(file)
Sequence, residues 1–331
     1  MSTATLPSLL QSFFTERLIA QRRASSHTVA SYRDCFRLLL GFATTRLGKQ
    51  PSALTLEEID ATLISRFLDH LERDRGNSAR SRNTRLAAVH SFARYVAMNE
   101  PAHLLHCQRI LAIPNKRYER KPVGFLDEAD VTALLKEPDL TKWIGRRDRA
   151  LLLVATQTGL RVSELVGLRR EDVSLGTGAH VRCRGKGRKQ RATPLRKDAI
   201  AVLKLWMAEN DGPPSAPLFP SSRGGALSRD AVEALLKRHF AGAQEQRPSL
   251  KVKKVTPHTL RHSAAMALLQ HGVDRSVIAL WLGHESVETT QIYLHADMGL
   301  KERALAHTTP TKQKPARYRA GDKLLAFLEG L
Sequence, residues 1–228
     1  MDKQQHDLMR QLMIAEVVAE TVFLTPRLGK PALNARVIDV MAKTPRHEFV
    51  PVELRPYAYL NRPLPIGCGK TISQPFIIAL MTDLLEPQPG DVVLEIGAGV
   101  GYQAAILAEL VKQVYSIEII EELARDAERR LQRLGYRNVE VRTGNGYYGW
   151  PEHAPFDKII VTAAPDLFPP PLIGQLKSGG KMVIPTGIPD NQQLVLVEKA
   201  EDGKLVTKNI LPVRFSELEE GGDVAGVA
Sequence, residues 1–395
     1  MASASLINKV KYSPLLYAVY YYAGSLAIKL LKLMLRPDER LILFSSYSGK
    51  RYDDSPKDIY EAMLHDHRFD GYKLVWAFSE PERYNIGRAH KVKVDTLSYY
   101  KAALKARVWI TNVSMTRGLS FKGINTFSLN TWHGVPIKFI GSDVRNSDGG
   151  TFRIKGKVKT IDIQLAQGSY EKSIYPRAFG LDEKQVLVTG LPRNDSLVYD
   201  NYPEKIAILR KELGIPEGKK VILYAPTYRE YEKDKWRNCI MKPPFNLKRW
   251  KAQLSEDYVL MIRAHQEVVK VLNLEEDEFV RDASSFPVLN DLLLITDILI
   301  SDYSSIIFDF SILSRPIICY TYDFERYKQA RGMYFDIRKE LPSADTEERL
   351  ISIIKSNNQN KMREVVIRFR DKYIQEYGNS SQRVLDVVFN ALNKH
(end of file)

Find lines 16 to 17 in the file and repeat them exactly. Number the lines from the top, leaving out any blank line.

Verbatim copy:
     1  MASASLINKV KYSPLLYAVY YYAGSLAIKL LKLMLRPDER LILFSSYSGK
    51  RYDDSPKDIY EAMLHDHRFD GYKLVWAFSE PERYNIGRAH KVKVDTLSYY